I worried how my visual impairment might affect my career. While I knew I could continue to perform at the same level, I wasn’t sure others would believe it. I feared I’d lose respect or be skipped over for career advancement opportunities—and unfortunately my fears weren’t unfounded. At times, I was held back by people who believed they were helping, but instead were making decisions on my behalf without consulting me. I learned, like many others, to hide my disability so that people wouldn’t make assumptions about what I could or couldn’t do. Stories like mine are common in the disability community—we know that being different doesn’t equate to being less, but not everyone else does.

When I joined Equinix, things began to change. I had a manager who believed in my abilities and created an environment where I could thrive. I felt more comfortable showing up at work as I am, and I decided to lead this EECN to share my journey and help others share theirs. ConnectAbilities is a place where people can share their stories if they’re comfortable doing so, but we also have members who participate quietly, as well as allies who’ve joined to learn and show support. We want to get people thinking, to recognize that many disabilities aren’t visible, and to understand and learn from each other. Our community is built around listening, humbly seeking to understand our differences without judgment, and showing empathy to others. These qualities are driving positive changes for our employees, like creating quiet rooms in our offices, sharing best practices on creating accessible presentations and allowing flexible schedules for caregivers.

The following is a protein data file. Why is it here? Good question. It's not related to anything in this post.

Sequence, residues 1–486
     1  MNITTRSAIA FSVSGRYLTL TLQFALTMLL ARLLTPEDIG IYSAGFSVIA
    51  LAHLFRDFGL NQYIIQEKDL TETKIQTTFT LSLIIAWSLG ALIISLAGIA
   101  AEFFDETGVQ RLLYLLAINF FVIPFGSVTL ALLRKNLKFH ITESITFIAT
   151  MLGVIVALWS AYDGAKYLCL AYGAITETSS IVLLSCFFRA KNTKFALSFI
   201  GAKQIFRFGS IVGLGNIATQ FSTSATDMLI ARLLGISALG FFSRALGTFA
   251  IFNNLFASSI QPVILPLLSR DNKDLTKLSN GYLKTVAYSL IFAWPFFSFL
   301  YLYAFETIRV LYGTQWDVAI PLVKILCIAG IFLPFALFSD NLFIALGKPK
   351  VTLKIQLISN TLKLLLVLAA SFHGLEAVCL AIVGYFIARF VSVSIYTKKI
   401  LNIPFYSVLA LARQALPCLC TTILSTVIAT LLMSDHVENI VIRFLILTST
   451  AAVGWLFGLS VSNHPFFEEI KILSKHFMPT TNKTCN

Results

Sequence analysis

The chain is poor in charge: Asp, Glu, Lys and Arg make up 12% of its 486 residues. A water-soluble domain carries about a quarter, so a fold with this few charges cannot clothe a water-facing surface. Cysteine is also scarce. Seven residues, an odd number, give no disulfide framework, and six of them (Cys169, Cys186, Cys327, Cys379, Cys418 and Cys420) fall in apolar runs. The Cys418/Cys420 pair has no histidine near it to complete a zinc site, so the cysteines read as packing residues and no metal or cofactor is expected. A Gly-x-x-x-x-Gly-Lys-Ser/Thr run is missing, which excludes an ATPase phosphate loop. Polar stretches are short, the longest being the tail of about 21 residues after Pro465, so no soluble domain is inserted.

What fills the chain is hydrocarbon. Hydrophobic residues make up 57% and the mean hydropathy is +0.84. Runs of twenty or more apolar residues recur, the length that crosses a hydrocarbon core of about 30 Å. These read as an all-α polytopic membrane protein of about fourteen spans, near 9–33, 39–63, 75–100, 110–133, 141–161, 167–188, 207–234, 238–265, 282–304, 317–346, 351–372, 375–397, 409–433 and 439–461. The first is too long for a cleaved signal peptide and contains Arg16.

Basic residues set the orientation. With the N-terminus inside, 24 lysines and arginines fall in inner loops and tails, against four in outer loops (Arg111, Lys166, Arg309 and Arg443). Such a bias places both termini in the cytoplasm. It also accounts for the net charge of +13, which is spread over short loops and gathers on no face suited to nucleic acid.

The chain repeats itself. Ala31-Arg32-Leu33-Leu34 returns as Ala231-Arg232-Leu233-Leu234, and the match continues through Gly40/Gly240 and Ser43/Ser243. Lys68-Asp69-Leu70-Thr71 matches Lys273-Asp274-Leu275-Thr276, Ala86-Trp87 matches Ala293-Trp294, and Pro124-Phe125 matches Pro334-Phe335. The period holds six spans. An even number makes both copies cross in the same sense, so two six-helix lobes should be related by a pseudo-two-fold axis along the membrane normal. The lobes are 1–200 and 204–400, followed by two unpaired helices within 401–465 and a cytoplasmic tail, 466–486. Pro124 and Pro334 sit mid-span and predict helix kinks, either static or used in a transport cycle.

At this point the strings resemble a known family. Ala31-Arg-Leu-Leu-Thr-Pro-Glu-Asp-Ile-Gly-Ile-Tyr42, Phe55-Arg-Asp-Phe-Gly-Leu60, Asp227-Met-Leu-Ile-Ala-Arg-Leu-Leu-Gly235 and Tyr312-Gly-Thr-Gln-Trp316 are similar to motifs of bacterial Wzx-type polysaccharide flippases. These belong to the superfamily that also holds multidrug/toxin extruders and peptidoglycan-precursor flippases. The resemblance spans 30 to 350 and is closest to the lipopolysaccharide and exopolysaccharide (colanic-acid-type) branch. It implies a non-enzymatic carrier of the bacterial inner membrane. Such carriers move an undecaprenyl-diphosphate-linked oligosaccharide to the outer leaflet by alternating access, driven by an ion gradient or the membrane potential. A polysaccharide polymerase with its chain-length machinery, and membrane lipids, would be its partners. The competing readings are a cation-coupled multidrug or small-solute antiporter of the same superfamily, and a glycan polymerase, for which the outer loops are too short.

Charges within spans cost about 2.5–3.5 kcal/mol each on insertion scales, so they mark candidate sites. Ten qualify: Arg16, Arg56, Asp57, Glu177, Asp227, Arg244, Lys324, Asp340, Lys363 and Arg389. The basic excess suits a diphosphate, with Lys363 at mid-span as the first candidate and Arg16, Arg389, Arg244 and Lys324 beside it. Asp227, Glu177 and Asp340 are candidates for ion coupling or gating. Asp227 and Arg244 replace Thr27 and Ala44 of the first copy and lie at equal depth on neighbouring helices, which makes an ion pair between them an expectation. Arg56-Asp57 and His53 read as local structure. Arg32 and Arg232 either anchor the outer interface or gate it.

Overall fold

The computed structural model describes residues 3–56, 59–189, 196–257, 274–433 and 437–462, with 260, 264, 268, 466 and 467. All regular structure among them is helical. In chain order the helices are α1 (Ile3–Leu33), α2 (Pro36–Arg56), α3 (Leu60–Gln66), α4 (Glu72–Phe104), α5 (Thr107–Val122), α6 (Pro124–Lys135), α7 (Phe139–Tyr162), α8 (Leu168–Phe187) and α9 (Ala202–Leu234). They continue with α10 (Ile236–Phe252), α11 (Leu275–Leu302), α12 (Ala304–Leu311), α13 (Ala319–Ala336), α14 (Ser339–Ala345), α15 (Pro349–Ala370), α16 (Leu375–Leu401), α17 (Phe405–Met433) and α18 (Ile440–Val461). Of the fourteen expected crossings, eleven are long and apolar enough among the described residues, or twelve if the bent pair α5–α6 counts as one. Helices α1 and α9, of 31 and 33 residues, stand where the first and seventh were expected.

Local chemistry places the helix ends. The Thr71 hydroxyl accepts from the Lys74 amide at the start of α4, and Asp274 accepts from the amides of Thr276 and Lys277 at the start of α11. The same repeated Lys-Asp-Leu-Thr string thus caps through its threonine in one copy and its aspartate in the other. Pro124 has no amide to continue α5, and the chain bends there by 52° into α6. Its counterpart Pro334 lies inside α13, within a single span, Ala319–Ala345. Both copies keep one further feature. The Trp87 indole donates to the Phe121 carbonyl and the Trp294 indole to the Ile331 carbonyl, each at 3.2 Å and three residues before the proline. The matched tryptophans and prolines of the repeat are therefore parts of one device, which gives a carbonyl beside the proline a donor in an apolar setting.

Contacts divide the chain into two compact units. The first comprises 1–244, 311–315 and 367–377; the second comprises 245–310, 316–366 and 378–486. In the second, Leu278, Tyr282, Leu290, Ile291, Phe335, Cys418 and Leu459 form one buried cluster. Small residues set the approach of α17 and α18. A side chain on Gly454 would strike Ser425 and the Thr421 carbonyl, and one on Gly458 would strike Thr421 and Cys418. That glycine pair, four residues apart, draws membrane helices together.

Finding camaraderie and increasing awareness

Jim Poole, Vice President, Business Development

I joined ConnectAbilities because I’m neurodivergent, and I was inspired by seeing community members’ openness and support of each other. Because of stigmas associated with disabilities, we often hide. Prior to ConnectAbilities, I’d shared my neurodivergence with only a few close friends, but in this EECN, I feel safe to be myself. I also want to stand up and represent for the neurodivergence community.